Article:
“I have come to firmly believe that the greatest solutions in improving the quality of lives of these patients within our lifetime are far more likely to come from engineering than they are to come from the medical sciences,” says Hadjistavropoulos.

This second phase of the research will see the first real-time testing of the system with individuals in the Centre of Aging and Health lab. 

“We are currently working with the University’s Information Services who are helping us incorporate the algorithm into a system of sophisticated computerized equipment that we have in the lab,” explains Hadjistavropoulos. Prior to testing the system in a long-term care facility, human testing (in real time) will take place in a lab environment at the U of R. 

During the laboratory human testing, researchers will collect additional data that will help their TRI colleagues further improve the accuracy of the algorithm and potentially extend its ability to detect pain expressions from side views, as opposed to only front views of the face.  Once the lab testing is complete, and it’s safe from a COVID-19 perspective, the pain detection algorithm will be refined opening the door for testing in long-term care facilities. 

Other work planned from the funding is the improvement and further testing of a pain assessment application that has been developed and tested with colleagues at the University of Alberta. As well, the funds will help U of R researchers further develop their web-based platform designed for educating long-term care front line staff on new methods of pain assessment.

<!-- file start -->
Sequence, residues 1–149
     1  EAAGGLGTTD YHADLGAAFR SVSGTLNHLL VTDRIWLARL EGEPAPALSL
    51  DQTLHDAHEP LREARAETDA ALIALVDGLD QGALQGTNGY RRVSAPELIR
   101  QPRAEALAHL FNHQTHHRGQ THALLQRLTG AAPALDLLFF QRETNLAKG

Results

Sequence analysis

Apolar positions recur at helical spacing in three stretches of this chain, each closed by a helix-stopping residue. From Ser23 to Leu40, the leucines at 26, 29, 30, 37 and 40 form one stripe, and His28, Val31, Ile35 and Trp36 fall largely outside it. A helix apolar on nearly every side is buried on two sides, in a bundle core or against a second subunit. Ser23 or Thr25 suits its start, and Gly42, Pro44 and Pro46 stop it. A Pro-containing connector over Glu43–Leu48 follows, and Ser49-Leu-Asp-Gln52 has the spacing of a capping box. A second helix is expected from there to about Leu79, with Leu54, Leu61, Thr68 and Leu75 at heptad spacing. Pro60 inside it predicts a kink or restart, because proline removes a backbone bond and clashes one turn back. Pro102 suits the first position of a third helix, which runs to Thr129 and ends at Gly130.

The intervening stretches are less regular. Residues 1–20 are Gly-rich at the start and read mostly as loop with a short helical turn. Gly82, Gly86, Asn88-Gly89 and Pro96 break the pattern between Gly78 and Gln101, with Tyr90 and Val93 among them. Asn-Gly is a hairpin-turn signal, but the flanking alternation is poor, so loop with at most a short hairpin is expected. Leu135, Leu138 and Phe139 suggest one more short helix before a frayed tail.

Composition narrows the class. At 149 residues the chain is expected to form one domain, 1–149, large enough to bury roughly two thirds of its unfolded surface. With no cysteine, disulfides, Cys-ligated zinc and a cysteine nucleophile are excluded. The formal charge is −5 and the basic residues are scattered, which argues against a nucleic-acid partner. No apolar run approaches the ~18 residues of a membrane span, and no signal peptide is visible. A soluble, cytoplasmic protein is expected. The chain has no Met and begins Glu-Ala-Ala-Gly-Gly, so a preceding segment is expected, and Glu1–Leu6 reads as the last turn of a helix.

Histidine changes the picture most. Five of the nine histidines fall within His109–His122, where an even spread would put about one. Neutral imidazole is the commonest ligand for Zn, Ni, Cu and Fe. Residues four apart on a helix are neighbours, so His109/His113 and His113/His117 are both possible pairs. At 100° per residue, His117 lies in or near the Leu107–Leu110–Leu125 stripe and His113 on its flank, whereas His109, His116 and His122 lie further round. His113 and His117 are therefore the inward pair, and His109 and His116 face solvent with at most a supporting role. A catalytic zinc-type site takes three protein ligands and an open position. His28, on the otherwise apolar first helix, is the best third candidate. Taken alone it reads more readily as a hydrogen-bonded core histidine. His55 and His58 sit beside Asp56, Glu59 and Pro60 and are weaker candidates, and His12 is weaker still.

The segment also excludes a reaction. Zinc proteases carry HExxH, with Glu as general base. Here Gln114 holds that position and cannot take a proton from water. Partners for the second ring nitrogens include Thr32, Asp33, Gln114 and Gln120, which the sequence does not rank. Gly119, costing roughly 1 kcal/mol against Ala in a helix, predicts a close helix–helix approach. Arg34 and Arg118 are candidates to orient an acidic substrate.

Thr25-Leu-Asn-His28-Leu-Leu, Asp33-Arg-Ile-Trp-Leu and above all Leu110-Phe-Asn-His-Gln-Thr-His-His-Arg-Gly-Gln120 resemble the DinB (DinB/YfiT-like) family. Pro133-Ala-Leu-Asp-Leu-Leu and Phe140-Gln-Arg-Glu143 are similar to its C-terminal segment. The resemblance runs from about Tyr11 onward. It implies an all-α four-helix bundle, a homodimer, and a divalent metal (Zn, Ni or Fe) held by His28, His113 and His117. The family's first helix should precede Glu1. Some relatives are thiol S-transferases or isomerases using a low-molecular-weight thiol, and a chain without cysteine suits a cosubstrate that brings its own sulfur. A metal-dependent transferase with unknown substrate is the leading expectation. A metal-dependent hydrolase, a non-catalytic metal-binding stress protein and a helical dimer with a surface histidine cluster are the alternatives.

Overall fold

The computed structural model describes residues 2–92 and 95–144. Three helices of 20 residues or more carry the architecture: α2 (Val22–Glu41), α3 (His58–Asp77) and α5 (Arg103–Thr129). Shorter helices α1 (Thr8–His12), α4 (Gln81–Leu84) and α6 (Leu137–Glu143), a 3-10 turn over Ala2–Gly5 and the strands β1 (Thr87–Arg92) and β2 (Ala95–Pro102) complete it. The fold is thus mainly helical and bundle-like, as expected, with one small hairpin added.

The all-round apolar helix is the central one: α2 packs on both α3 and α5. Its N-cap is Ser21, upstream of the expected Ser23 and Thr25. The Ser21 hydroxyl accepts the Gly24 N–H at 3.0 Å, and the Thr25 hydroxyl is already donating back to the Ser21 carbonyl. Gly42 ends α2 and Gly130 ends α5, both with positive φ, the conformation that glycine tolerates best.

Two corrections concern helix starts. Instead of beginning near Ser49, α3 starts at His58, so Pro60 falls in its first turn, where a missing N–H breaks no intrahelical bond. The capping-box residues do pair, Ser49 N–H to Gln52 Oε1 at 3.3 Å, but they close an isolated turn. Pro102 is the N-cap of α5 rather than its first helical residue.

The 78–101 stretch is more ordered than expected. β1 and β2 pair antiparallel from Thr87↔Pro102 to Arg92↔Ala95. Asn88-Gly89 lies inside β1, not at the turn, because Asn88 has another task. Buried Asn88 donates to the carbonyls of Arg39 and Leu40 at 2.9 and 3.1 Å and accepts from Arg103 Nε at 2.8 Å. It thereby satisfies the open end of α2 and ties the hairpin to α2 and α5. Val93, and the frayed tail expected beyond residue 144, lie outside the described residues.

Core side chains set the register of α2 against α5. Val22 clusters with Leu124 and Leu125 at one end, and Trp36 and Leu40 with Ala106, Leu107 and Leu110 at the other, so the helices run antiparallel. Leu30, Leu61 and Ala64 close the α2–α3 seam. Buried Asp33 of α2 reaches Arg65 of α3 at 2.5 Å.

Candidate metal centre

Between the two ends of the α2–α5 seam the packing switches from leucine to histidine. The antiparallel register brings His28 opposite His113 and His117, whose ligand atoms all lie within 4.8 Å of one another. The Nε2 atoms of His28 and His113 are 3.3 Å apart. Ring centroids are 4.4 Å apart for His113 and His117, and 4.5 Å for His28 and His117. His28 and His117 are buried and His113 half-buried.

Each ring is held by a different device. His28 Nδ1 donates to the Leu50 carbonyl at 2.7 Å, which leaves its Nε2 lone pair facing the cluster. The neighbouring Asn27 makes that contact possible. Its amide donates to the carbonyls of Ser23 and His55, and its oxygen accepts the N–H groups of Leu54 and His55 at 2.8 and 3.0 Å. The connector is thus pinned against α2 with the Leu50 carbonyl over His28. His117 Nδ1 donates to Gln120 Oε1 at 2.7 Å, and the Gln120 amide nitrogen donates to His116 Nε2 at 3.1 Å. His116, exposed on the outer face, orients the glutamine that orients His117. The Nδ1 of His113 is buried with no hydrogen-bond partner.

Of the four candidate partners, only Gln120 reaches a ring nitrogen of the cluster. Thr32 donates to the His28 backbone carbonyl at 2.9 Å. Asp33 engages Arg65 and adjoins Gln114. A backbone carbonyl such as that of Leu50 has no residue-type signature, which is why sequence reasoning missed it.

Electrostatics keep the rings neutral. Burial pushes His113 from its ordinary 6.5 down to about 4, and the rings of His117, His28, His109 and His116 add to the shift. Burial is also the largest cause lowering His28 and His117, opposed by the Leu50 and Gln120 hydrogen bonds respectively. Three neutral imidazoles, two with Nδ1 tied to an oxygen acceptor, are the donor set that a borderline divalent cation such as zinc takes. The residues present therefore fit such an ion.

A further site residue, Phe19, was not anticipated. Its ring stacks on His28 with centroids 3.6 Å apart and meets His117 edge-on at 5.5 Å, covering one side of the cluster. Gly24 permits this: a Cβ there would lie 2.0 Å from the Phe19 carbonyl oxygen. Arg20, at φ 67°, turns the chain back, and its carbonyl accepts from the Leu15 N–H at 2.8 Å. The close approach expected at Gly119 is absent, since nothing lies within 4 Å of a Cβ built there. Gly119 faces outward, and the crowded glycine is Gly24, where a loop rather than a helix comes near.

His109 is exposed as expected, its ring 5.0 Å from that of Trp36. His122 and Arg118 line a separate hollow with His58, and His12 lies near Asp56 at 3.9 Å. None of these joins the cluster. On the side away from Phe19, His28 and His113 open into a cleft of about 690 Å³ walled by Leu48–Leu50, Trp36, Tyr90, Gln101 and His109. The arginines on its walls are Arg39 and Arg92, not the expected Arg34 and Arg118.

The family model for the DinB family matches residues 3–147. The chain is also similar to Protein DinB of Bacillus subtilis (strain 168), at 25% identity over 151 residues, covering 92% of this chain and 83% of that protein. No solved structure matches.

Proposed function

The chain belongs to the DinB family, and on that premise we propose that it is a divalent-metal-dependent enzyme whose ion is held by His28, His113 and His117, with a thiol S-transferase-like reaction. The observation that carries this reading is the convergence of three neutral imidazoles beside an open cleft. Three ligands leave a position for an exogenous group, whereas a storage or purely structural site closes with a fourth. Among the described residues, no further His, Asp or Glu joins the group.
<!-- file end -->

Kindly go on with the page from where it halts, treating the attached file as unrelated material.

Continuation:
The University has provided an additional $87,000 in funding, primarily for support of graduate students, the Saskatchewan Health Authority has provided $6,000 for the project, while an additional $54,500 has been pledged by the Toronto Rehabilitation Institute.

Support (in kind) has been provided by the Saskatchewan Health Authority, Toronto Rehabilitation Institute, Alzheimer Society of Saskatchewan, and the Saskatchewan Ministry of Health. 

Hadjistavropoulos has been the recipient of numerous prestigious honours including the Distinguished Contribution Award for Pain in Older Persons from the International Association for the Study of Pain Special Interest Group on Pain in Older Persons and the Saskatchewan Health Care Excellence Award. He’s been inducted as a Fellow in the Canadian Academy of Health Sciences, which represents one of the highest honours available to Canadian health scientists. He has published over 200 peer-reviewed papers and book chapters and his work has been published in prestigious science journals including The Lancet Neurology.

The Centre on Aging and Health brings together investigators focused on gerontological research in the areas of Indigenous health and aging, musculoskeletal health and mobility, pain in old age and personhood, and resilience in senior care. The centre also supports graduate student research projects and provides ongoing community outreach.


Centre on Aging and Health
Distinguished Contribution Award for Pain in Older Persons